School buildings are on the road to being rebuilt. Major retail stores are up and running strong.
And now, less than a year after the May 22 tornado, a destroyed hospital has opened the doors to a temporary building and is moving dirt at a furious pace for a new home.
We agree with Julie Blankenship, a registered nurse with Mercy Hospital Joplin, who was quoted in the Joplin Globe. Blankenship worked in a ditch the night of the tornado. Then she worked at Memorial Hall, later in a tent and then in a modular hospital.
"Now, we have this. It feels like a permanent hospital," she told our reporter.
"One thing's for certain: We keep getting better and better."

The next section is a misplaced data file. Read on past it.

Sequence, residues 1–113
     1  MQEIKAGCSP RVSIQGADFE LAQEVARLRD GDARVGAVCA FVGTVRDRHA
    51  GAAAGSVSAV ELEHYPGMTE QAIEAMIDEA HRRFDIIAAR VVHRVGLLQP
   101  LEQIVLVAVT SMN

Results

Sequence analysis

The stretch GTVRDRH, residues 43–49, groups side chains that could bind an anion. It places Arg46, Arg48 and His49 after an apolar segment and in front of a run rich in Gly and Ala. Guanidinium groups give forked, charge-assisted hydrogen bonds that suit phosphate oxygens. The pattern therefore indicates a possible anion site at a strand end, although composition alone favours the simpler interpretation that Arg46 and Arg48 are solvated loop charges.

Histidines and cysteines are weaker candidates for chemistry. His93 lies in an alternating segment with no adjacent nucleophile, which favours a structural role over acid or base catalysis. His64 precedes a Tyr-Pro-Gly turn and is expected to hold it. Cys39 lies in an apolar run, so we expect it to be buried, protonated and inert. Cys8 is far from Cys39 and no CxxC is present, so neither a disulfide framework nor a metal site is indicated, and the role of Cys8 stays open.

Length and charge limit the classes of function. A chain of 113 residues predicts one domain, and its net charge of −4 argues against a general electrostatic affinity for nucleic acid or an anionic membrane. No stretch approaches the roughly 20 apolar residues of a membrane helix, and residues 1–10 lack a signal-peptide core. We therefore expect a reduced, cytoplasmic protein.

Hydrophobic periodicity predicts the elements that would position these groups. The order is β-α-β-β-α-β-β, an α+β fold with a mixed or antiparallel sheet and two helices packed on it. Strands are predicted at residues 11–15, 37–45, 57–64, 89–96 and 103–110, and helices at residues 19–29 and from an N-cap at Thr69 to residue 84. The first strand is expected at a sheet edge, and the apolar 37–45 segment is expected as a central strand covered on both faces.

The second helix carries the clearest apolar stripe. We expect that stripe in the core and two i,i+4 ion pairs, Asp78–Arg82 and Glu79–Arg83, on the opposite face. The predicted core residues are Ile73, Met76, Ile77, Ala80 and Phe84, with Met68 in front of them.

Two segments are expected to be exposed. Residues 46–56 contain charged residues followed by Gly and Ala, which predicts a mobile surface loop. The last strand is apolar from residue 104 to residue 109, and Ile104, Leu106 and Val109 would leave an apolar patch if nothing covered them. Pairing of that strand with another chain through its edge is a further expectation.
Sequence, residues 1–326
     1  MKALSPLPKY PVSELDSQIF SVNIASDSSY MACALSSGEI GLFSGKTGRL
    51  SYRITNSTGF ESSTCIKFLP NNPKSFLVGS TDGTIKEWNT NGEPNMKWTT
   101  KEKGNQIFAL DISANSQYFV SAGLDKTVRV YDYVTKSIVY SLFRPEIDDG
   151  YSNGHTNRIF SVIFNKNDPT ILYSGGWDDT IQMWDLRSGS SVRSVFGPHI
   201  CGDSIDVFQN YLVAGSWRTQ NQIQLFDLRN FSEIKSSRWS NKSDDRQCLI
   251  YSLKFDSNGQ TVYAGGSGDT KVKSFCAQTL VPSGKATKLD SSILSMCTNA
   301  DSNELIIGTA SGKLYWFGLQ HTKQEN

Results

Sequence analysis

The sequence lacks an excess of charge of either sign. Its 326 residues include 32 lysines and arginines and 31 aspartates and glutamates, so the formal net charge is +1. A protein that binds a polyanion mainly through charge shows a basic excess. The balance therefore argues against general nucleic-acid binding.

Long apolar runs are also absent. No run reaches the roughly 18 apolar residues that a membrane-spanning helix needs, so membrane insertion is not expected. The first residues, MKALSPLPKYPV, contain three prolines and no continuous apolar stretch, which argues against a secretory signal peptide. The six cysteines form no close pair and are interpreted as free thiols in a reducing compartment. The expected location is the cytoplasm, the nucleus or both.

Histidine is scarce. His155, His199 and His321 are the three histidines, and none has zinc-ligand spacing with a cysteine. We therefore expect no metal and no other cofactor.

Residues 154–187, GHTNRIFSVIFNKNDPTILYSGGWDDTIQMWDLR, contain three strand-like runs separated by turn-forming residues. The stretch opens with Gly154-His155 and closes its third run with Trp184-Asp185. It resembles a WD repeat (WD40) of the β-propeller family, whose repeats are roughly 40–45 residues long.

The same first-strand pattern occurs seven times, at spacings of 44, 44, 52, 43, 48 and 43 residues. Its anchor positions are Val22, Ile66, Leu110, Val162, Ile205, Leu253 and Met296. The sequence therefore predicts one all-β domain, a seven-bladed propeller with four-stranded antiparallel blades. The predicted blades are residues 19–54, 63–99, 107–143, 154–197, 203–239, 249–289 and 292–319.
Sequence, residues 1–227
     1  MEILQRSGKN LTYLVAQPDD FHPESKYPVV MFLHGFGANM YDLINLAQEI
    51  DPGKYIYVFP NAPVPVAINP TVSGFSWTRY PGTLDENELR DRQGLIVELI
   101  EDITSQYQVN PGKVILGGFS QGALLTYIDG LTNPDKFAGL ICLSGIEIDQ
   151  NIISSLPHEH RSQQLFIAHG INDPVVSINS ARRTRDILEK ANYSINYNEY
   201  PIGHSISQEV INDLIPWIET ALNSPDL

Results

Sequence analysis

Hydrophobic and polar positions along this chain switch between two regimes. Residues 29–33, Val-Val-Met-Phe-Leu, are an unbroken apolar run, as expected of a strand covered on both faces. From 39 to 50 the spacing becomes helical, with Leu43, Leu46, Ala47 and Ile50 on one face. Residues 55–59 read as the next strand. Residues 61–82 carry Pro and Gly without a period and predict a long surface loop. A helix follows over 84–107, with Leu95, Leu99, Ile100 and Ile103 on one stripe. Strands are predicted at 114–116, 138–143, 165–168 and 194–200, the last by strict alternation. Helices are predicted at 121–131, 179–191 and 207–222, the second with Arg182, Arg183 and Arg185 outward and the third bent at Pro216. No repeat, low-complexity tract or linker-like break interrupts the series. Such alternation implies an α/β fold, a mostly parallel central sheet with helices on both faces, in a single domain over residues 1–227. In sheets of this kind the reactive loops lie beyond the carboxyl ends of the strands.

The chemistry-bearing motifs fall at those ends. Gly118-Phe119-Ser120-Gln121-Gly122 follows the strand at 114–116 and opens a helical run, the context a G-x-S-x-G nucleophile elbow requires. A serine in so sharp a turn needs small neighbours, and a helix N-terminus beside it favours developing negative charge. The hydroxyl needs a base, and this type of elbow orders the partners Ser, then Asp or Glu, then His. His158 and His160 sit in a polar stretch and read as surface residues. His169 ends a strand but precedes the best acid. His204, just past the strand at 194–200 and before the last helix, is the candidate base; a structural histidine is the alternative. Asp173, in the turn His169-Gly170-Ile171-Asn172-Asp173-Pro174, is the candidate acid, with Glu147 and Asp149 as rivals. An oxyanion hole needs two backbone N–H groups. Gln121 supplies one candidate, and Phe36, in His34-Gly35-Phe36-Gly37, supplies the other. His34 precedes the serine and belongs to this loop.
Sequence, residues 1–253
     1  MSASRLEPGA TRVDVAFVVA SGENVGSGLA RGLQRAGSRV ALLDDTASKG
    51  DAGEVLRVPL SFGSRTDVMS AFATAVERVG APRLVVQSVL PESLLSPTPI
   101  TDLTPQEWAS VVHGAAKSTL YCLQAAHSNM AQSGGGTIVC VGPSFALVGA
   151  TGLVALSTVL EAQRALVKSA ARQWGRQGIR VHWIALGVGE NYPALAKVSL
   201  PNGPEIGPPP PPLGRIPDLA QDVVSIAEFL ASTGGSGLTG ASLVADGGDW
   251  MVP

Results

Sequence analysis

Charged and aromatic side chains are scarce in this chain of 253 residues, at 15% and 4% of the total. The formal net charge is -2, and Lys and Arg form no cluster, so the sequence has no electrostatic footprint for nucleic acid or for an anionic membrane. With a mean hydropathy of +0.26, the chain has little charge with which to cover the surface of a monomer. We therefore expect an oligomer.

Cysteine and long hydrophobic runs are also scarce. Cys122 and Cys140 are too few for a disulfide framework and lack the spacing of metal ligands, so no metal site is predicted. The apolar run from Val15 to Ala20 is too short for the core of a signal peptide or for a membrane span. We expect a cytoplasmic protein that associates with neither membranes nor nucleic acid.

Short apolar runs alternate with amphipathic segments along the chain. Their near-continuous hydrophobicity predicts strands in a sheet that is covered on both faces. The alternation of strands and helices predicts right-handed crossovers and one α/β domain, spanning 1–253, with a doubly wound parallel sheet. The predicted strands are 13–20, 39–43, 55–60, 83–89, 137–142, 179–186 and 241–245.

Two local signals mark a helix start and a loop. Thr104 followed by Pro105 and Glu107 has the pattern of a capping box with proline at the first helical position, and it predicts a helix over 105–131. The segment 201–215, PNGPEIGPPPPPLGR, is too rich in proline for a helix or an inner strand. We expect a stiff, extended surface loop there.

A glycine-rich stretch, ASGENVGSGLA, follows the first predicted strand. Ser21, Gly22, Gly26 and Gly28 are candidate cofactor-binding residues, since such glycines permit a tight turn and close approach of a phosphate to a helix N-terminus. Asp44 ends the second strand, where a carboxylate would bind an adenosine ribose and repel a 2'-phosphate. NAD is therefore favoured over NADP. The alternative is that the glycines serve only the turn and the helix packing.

Indicators are running strong for Joplin's recovery.
Mercy Hospital Joplin gave the public a preview of its $100 million component hospital on April 11. On Sunday, patients were transferred there.
The temporary hospital is 150,000 square feet and has 55 private rooms that can quickly be converted into 110 semiprivate rooms. There's an emergency department, and, yes, babies can enter the world in this transition building.
It's another tremendous step forward for Joplin. Call it a real shot in the arm for a town that needs to hang on tight to every piece of good news it can get.
Joplin's psyche is a long way from being healed. But our confidence is coming back.
Mercy never considered leaving Joplin when the chips were down.
It's an attitude we hope is contagious.
Distributed by The Associated Press.